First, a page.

Martin Shingler (Senior Lecturer in Radio & Film at the University of Sunderland) was joined by the broadcaster Anna Raeburn for a public conversation on the topic of Joan Crawford and her role in Michael Curtiz’s 1945 classic noir melodrama Mildred Pierce at the Mildred Pierce Event in Bristol on Saturday 20th October. This event, organised by Professor Sarah Street (University of Bristol), was held at the Whickham Theatre. It consisted of screenings of the original movie version and an episode of Todd Haynes’ 2011 TV mini-series, along with papers by Professor Pam Cook (University of Southampton) and Professor Stella Bruzzi (University of Warwick). Martin and Anna’s discussion was the penultimate event of the day and, although it touched on Joan Crawford’s film career prior to her joining Warner Bros. in June 1943 and the reasons behind her move from MGM, it focused mainly on the reasons why the actress chose James M. Cain’s novel as her first Warner star vehicle and what she was able to bring this role.
The discussion focused in particular on Crawford’s performance in two scenes of the film. In the first, Mildred’s vicious daughter Veda (Ann Blyth) slaps her (Crawford) across the face, which leads to a separation. In the second, Mildred (Crawford) tells her best-friend and business colleague Ida (Eve Arden) that she wants Veda back despite her bad behaviour. Notions of camp were dismissed here by drawing attention to the way Crawford used restraint followed by a swift transition to vocal and physical animation to enhance the dramatic potential of her confrontation between Mildred and Veda. In the second scene, meanwhile, attention focused on how she used apparently spontaneous and impulsive minor gestures while drinking a glass of whisky and smoking a cigarette to evoke a sense of sincere emotion when admitting to Ida the strength of her maternal feelings for her daughter. These scenes were used to highlight the extent to which Crawford was able to inhabit her role as Mildred, the only one in her long career for which she received an Academy Award.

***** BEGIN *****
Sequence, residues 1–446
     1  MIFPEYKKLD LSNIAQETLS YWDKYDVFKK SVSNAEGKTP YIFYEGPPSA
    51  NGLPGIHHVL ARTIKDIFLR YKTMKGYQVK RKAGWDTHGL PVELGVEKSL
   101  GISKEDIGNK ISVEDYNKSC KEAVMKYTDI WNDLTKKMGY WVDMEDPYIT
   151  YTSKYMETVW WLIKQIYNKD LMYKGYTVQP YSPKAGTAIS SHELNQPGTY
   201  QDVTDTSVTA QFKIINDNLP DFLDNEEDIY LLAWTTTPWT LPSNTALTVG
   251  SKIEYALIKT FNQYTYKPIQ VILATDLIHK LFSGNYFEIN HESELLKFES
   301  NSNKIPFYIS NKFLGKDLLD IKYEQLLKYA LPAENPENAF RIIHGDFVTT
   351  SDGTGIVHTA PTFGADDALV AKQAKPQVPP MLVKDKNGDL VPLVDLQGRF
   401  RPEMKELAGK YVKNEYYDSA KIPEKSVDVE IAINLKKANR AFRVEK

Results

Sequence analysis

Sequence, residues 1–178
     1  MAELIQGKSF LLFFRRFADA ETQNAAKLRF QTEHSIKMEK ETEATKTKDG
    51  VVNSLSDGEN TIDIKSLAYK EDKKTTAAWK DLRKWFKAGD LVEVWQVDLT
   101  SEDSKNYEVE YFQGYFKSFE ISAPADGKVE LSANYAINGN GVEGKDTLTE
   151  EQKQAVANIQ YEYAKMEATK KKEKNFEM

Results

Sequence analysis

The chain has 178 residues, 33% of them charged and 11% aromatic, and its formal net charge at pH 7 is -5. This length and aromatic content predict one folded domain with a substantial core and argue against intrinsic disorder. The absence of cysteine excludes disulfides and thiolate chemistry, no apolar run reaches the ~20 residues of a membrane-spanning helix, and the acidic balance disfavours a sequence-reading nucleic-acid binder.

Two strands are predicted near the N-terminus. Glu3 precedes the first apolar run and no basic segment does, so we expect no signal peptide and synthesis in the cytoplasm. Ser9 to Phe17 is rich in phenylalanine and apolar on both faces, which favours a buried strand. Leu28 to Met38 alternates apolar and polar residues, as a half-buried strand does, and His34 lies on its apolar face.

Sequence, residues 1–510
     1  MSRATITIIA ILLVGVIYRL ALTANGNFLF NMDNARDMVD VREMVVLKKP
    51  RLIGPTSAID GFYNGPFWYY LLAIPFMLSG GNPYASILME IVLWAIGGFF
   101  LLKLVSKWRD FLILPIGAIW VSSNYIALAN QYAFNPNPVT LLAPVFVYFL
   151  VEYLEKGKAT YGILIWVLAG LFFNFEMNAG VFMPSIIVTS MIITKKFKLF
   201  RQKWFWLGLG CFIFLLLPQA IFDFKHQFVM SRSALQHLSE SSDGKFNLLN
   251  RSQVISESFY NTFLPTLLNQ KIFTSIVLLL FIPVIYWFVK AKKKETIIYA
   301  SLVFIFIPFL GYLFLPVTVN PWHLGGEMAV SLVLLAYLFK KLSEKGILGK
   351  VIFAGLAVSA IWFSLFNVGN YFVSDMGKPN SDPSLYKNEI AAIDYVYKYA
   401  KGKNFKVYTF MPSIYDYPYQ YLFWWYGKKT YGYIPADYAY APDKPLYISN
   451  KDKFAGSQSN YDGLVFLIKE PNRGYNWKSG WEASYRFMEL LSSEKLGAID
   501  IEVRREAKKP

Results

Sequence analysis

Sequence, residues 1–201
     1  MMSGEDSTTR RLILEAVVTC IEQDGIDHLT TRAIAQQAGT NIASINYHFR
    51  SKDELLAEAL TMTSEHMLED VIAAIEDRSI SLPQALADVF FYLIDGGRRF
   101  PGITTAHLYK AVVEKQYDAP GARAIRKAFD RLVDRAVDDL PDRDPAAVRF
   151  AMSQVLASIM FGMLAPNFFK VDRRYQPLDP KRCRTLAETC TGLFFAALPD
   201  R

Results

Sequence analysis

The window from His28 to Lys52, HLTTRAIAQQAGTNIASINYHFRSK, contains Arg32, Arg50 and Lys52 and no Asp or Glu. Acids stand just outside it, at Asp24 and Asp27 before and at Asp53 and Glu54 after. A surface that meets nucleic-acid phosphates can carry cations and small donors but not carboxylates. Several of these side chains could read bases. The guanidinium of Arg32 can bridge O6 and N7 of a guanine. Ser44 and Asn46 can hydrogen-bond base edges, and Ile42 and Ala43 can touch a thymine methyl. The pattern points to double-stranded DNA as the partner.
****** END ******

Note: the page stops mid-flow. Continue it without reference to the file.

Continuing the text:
Crawford emerged from this discussion as a compelling actor whose powerful performance was born out of concentration and attention to detail as well as large-scale dramatic gesture. Personally and professionally, she only achieved serenity through the expenditure of energy (mostly hard work), while inactivity was a source of stress and anxiety. Crawford invested (and exposed) this characteristic in her finest screen achievement, making this one of the most important links between the actress and her role in Mildred Pierce. Combining their insights into screen performance and character psychology, Martin and Anna attempted to shed light on some of the most remarkable features that have contributed towards Mildred Pierce’s reputation as a compelling, distinctive and distinguished movie: a reputation that remains as strong today as it did in 1945.